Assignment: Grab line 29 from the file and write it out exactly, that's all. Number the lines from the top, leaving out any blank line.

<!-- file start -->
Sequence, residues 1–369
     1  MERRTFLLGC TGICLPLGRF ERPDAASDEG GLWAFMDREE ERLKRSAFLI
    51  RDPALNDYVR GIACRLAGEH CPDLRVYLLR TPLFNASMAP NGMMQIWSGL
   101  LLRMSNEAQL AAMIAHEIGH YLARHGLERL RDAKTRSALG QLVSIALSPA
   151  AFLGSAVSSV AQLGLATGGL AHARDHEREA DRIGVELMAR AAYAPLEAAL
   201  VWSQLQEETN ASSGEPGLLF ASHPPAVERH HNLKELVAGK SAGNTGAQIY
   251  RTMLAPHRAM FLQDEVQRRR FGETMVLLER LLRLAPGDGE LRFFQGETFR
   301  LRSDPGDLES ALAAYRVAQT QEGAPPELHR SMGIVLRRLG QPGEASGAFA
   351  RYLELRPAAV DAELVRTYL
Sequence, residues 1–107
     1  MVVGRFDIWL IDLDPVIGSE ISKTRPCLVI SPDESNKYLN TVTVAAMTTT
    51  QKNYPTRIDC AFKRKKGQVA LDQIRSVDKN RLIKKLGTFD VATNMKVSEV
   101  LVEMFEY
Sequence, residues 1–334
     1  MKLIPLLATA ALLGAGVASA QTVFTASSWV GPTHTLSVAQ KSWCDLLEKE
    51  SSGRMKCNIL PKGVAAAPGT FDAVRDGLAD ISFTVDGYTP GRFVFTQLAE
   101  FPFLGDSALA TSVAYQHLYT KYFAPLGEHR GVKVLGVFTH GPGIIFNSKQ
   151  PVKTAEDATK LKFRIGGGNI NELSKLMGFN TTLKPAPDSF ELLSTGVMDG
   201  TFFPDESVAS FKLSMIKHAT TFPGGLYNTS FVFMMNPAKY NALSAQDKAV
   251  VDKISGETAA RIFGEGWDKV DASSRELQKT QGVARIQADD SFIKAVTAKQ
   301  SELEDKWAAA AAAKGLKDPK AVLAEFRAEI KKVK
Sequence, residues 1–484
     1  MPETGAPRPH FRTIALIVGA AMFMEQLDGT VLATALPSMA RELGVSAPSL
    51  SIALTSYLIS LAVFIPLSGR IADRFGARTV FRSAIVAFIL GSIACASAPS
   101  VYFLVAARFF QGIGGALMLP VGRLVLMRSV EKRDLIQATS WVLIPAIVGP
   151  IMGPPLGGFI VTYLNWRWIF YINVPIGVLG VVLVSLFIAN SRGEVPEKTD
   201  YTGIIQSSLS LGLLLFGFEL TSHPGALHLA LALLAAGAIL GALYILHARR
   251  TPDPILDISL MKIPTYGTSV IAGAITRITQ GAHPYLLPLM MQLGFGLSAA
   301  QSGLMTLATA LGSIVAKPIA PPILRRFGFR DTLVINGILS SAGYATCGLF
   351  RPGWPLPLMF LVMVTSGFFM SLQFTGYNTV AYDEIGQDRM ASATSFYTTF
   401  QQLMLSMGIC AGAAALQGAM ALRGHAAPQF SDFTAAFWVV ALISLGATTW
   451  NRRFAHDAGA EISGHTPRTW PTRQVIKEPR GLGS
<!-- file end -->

   301  QSGLMTLATA LGSIVAKPIA PPILRRFGFR DTLVINGILS SAGYATCGLF